What About This…? 1.12.2017

By Wayne William Cipriano

So much fuss about the Electoral college, just like after every presidential election.  Why don’t we scrap it?  Why not go with a purely popular vote to elect a president?

Occum’s Razor tells us the reason is inertia.  The college is and always has been a foundational part of our governmental system and a change would require a Constitutional Amendment.  The originators of our system were wise in making amendment-changes very tedious and very time-consuming, under-standing that changes worth making would withstand the vagaries of popular support and manifest themselves in action.  Those changes of less importance would not be of sufficient force to move the process.  Inertia.

However, the reason for the College is seldom discussed though transparently reflected by our Federal Legislators every day they choose to be in session, which you are correct in noting is not all that many days.

Recall that initially only the Federal House of Representatives was elected by the states’ popular vote.  The Senate, supposedly the “upper chamber” possessed of much more deeply applied attention to lawmaking and an elected term three times as long as the members of the House to have the longevity for that attention, was selected by the various State Legislators in whichever way they chose to do so.

In order to understand why such convoluted procedures were initially proposed and remain today (although the 17th Amendment to the Consti-tution of the United States of America provides for the popular election of Federal Senators – but not until 1913!), we must consider the times in which our Constitution was born.

Once again we use Occum’s Razor since it is impossible to know what was “in the minds of the Founders” when they created our Federal System.  The Razor suggests, and I for one agree, it was simply fear.  Fear of the electorate, the people, the rabble, the great unwashed mob possessing such large numbers when compared to the intelligentsia of the time.

We do not have a democracy in which the people decide upon the action of the government.  We have a republic in which the people select those who decide upon the action of the government.  Throughout our Federal Constitution our country is “protected” from the whims of the voters by installing safeguards to slow those whims down.  The republic system itself.  Our judicial system. The short terms of the House of Representatives.  The filibuster and other procedures of the Senate by which one Senator can effectively halt the movement of legislation.  And then there is the Electoral College.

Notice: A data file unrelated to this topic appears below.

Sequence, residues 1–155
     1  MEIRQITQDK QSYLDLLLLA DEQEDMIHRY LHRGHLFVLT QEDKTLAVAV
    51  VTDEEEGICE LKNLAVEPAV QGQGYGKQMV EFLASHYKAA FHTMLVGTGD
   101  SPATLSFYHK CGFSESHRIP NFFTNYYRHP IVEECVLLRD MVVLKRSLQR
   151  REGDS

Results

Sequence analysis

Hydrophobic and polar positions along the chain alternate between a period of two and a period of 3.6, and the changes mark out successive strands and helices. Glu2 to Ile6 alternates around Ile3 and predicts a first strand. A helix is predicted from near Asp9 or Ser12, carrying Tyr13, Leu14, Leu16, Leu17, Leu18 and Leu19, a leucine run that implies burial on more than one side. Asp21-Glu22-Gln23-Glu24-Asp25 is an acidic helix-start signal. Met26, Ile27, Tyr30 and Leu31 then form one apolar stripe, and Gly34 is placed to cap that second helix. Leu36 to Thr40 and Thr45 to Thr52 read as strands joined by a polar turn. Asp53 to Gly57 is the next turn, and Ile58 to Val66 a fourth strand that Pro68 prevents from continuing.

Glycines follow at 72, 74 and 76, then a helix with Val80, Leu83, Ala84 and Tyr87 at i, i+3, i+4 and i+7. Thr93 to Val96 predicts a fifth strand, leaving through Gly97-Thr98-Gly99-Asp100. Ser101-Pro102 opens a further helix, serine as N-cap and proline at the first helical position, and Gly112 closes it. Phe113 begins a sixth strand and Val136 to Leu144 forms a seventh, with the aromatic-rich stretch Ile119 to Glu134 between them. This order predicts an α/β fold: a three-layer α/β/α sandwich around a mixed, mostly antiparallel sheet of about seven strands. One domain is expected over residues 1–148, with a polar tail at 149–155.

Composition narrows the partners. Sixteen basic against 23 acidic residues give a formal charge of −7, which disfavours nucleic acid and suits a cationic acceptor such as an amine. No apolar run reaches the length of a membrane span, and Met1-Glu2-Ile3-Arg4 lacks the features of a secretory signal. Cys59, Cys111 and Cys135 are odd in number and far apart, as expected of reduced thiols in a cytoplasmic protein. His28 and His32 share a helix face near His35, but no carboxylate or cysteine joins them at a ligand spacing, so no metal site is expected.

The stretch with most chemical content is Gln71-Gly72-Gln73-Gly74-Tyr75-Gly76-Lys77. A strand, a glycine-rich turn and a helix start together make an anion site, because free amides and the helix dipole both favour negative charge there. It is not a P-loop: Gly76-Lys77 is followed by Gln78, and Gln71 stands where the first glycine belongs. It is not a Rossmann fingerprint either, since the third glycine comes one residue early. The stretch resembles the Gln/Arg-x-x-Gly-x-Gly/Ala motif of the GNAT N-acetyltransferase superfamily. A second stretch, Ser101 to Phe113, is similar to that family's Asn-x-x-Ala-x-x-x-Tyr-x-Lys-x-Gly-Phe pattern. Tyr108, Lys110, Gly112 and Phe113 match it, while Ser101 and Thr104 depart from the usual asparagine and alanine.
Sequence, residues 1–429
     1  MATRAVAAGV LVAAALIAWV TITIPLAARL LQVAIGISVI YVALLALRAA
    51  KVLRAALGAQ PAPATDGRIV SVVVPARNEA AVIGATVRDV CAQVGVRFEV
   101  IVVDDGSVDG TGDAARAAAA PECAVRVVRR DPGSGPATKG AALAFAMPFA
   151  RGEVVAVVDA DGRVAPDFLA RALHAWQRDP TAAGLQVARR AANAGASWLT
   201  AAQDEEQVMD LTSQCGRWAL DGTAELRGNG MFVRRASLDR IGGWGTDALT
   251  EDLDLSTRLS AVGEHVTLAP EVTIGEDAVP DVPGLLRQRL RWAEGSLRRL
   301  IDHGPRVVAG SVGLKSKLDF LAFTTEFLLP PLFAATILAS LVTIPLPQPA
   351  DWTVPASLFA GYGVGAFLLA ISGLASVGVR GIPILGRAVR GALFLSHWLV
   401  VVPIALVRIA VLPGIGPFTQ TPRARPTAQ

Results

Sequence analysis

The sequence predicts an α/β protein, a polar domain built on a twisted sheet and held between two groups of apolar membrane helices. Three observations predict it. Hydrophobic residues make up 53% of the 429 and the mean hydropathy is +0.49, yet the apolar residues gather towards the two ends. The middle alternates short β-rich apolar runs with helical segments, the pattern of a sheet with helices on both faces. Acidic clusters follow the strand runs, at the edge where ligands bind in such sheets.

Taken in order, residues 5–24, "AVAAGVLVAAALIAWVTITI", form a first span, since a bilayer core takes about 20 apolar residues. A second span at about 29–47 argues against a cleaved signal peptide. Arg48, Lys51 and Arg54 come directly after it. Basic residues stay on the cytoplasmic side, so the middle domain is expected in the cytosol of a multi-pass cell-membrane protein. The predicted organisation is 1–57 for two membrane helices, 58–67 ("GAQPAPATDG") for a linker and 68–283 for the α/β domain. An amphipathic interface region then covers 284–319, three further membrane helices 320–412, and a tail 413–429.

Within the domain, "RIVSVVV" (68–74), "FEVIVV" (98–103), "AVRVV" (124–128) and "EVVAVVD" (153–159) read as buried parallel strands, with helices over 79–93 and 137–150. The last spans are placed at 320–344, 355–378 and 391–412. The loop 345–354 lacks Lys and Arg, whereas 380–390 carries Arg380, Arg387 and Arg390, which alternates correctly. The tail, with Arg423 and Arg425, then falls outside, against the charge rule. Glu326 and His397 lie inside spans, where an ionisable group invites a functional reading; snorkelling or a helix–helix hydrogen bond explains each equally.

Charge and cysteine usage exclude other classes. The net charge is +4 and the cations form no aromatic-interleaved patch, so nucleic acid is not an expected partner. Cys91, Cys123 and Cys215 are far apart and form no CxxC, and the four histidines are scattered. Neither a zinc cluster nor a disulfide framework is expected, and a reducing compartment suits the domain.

Some believe the ideals of the Great Compromise which gave birth to our bi-cameral system wherein one part of Congress represents the people, (the House of Represen-tatives) and the other part of Congress (the Senate) represents the states continue in the Electoral College.  I disagree.

As we all know, it is up to the states and ultimately individual Electors as to who will be the President and the Vice-President.  The original idea was that the Electors would be important, successful, responsible, contemplative men who would gather together and among themselves choose persons for those two positions, president and vice-president, that would maintain the ideals of our new Republic. They would also serve as a necessary insulation between the government and the voters who they generally saw as easily defrauded, simply fooled, casually deflected by shiny objects and shinier promises – voters who were not thought to have the experience, education, nor the inclination to safeguard their gift, the United States of America.

Nowadays, membership in the Electoral College is merely a political plum passed out to party reliables in exchange for large political contributions of cash or time and energy to elect that party’s candidates.

Surprisingly enough, as I understand it, only 29 states and the District of Columbia require their Electors to vote for the persons who collected the most popular votes in those locales. Thus, 29 states (and I guess the possessions) have Electors who may, if they wish, vote for someone who did not win their state’s election – perhaps did not even participate in it.  They even have a name for such individuals: faithless electors.

There have been rare occasions when the presidency went to an individual who did not win the popular vote nationwide, most recently Trump over Clinton, and before that Bush over Gore, but there has never been an election where “faithless electors” had any conse-quential effect on the election of the president or vice-president, and only one in which the Electoral College failed to elect a president.

Don’t forget, those 29 states and D.C. could change their laws to free their Electors to vote for whomever they wish. And, since we vote for the Electors put up by the various state political parties and not directly for any candidate, regardless of what name is on our ballots, we could most certainly wake up one morning in mid-December after Electoral votes taken at each state capital were certified by the Congress of the United States of America to find people we have never even heard of had officially been elected to be the president and vice-president of the United States of America: the exact thing the Electoral College was invented to allow – and invented to prevent!

And perhaps it is the headache we get from thinking about this and what we should or could do about it that is the real reason we still have an Electoral College.

What do you think?